“I think some dialects, especially the small dialects, could disappear in the near future,” he said.

It’s a testament to today’s mobility and migration in China that You’s family speaks four dialects. Yet his son and his parents don’t have a single dialect in common. It’s a linguistic leap that’s not uncommon here.

You says for all intents and purposes, China’s 10 or so dialect groups should be treated as completely separate languages. He says: think of the difference between Italian and Spanish. At the same time, many Chinese minorities have their own languages, like Uyghur, Mongolian and Tibetan.

This adds another degree of complexity, especially for visitors. If you want to buy a necklace in Xinjiang in the west, or a cellphone in parts of Southern China, you might get further in English than in Mandarin.

Gu Hangyu and his grandmother Wang Yufang (photo/Ruth Morris)

Gu Hangyu and his grandmother Wang Yufang (photo/Ruth Morris)

Wang Yufang and her grandson, Gu Hangyu, at her home on Chongming Island, near Shanghai. Gu says when he has a family, he'd like his son or daughter to speak his native Chongming dialect. Many young Chinese do not speak their grandparents' dialects.

On Chongming Island, Gu’s grandmother says she has no plans to take up Mandarin herself.

“She says it’s hard for older people like her to study Mandarin. It’s useless for them. But it’s useful for young people like me,” Gu said.

At 68, she added, she’s confident the Chongming dialect will outlast her. And if it is lost and she’s still alive, at that time, she said, “I will leave the world.”

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China’s linguistic landscape is changing as rapidly as its cities and lifestyles

The children of migrant workers are taught Mandarin at a school in Shanghai. Many speak a regional dialect at home, and some don't speak Mandarin at all when they arrive for the first day of class. (Photo/Ruth Morris)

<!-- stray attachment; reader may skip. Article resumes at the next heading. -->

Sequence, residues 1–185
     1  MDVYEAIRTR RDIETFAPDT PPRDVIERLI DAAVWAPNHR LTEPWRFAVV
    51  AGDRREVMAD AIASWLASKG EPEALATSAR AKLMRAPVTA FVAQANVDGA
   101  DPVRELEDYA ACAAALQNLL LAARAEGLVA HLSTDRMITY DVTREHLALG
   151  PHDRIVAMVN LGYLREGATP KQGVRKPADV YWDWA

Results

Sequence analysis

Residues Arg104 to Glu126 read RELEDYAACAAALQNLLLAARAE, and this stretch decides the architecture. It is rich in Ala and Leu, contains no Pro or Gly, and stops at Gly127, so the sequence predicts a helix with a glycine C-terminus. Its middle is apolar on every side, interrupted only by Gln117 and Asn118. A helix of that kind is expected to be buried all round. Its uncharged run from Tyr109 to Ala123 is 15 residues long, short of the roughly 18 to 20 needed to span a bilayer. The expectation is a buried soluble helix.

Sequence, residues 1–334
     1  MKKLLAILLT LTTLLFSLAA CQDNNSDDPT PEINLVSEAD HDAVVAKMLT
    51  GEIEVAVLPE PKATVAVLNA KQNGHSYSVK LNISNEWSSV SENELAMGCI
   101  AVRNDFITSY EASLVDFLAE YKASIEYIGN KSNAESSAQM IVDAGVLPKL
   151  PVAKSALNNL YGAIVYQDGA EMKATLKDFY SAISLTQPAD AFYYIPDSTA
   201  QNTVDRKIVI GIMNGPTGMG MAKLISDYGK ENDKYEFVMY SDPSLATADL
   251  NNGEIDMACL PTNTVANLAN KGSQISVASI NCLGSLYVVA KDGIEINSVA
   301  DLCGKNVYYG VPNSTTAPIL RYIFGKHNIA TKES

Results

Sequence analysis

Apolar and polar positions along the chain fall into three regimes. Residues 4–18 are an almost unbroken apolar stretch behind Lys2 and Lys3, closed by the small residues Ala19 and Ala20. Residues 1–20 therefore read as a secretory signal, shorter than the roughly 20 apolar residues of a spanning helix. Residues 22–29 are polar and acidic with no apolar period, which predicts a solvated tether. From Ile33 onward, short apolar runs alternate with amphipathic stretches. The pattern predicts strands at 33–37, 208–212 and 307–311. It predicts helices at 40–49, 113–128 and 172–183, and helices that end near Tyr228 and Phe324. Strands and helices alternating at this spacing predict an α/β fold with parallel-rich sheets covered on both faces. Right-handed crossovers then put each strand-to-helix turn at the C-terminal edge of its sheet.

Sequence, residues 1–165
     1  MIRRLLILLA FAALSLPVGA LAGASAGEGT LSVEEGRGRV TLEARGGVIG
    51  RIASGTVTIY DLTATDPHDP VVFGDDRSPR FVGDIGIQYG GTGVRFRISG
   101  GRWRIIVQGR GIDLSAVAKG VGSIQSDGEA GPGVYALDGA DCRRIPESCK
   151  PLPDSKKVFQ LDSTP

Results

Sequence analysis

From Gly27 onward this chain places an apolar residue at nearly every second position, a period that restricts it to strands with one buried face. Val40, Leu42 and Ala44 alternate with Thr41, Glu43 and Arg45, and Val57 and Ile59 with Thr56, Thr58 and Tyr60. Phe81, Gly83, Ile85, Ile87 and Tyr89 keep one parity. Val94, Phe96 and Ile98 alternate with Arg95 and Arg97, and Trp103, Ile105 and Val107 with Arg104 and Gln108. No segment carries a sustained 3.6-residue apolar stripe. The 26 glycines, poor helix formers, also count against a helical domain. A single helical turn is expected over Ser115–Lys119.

The children of migrant workers are taught Mandarin at a school in Shanghai. Many speak a regional dialect at home, and some don’t speak Mandarin at all when they arrive for the first day of class. (Photo/Ruth Morris)

Here’s a guest post from Shanghai-based reporter Ruth Morris…

As it stands, Mandarin is the language of government, commerce and pop songs in China. But not everyone is excited about learning it.

While the government insists Mandarin is necessary for social cohesion, some of China’s ethnic minorities have pushed back. Tibetans students, for example, have protested plans to shift nearly all their classes into Mandarin—a policy they say represents a larger campaign by Beijing to dilute Tibetan culture and assert political control.

There have been protests in Cantonese-speaking parts of China too. People there are worried their native dialect is being forced out of public places and into the home.

But the general trend points in the opposite direction. Despite protests and lagging investment in rural education, not to mention the prevalence of regional dialects, Mandarin usage is growing at a breakneck pace.

Just seven years ago, state media reported only about half of China’s population spoke Mandarin, compared with about 70 percent today.

Government policy lags social desire

Steve Hansen and Kellen Parker are the founders of Phonemica, an Internet project that invites people to upload stories in dialects derived from old Chinese. They say China’s staggering economic growth is playing a big role in Mandarin’s expansion. Increasingly, Mandarin is the language of survival, and opportunity.

“I think honestly, in many areas of China, government policy is lagging social desire,” Hansen said.

China’s unruly linguistic landscape is known for its groupings of wildly different dialects that go back hundreds of years, spread over a vast geography.

“The reason it’s so diverse it because it’s so huge. I mean, you have hundreds of millions of people,” said Hansen. “Many of these people, for hundreds of years, they grow up in the same valley. They stay in the same valley. And what’s interesting about China is a lot of them, up until now… have not moved around a lot.”

Menial jobs

Now that’s all changing, fast. Bullet trains crisscross the country. And migrant workers shuttle between home villages and factory floors hundreds of miles away.

On a recent morning in Shanghai, 60 kindergartners—the children of migrant workers from all over China–repeated phrases in Mandarin while their teacher rewarded them with stickers.

School administrator Lai Zherong said many of the school’s students don’t speak Mandarin when they arrive. But they pick it up quickly. Without Mandarin, she said, they risk being slotted into menial jobs when they grow up, on construction sites or factory lines.

Beijing says about 400 million Chinese cannot speak the national language. But Parker, of Phonemica, says: don’t blink.

“I think that number is going to be much, much smaller in 20 years,” he said, then added: “I think it’s going to be shockingly smaller in 20 years.”